The human skeleton, often ignored or even discarded by early archaeologists, has become of great interest and importance to their modern counterparts. Known as physical anthropology, the study of skeletons is a vital part of environmental archaeology. Human bones provide accurate evidence for the physical characteristics of a previous community, and are a major source of evidence for diseases that scar bone, such as tuberculosis, leprosy, and syphilis, and their subsequent evolution within populations. Ann Stirland describes human skeletons and their variations as a result of diet, environment, and disease, along iwth the effects on the bones of various burial conditions and rituals. Guidance is offered on methods of excavation, treatment, recording and analysis, and numerous illustrations show the reader what to look for.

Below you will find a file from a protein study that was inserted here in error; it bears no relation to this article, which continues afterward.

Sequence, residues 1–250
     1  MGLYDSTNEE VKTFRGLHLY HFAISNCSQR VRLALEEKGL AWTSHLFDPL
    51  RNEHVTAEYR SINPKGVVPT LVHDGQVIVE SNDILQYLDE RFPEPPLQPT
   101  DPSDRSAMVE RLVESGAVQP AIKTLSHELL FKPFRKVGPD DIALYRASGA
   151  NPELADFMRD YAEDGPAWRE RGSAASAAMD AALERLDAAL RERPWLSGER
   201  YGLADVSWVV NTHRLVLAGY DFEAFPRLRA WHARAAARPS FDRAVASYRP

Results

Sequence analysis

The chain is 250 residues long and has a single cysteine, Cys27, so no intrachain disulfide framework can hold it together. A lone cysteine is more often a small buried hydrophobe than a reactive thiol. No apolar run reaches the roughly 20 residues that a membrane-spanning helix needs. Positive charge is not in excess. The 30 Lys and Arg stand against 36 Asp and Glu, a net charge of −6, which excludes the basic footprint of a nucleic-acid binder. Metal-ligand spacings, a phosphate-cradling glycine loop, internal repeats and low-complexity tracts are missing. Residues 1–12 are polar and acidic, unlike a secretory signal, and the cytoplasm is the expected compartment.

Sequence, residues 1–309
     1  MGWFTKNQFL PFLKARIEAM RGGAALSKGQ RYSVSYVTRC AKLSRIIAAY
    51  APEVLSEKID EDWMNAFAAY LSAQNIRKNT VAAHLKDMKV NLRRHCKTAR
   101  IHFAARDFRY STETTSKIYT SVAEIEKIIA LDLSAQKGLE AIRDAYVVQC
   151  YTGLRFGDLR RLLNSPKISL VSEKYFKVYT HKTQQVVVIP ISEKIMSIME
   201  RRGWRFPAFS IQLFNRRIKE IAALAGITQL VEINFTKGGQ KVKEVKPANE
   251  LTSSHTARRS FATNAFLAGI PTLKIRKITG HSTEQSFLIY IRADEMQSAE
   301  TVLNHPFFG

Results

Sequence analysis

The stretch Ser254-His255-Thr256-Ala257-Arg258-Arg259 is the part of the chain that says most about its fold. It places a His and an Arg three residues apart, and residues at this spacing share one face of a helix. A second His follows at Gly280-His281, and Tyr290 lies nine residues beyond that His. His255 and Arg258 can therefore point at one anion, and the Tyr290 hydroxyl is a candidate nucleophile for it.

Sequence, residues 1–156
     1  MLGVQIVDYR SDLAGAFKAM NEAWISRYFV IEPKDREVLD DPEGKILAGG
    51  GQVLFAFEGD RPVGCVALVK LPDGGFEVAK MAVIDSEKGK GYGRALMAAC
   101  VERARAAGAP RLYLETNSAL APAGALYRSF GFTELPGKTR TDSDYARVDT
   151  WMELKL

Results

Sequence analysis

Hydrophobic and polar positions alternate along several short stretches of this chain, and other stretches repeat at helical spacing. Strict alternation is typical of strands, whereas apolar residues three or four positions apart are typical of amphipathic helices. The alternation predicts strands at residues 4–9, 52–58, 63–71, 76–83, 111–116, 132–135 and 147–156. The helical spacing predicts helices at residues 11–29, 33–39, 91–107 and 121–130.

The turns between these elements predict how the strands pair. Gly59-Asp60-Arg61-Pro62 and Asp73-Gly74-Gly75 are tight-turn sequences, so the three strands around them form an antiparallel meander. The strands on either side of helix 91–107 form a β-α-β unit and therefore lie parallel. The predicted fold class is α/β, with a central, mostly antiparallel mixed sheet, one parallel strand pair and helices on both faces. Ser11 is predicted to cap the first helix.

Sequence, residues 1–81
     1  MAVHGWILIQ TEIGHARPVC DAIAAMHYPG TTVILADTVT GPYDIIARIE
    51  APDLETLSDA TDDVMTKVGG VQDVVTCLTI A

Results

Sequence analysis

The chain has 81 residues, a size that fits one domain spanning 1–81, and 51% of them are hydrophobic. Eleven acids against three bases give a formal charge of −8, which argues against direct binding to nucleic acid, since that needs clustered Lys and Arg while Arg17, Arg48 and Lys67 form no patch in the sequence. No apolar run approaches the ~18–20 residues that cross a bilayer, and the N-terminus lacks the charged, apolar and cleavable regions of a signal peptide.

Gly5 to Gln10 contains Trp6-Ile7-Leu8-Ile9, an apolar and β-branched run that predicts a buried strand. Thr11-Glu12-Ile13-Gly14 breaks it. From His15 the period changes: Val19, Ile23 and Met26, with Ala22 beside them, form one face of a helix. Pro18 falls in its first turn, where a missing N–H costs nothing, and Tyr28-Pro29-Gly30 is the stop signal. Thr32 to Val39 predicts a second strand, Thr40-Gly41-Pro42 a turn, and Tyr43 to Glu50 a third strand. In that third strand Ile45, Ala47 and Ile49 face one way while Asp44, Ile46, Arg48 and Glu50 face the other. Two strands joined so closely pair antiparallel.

Table of Contents
1. Burial Conditions and Preservation; The Dating and Treatment of Bones
2. The Identification of Bones
3. Recording, Measurement and Primary Data
8. Further Reading
9. Museums to Visit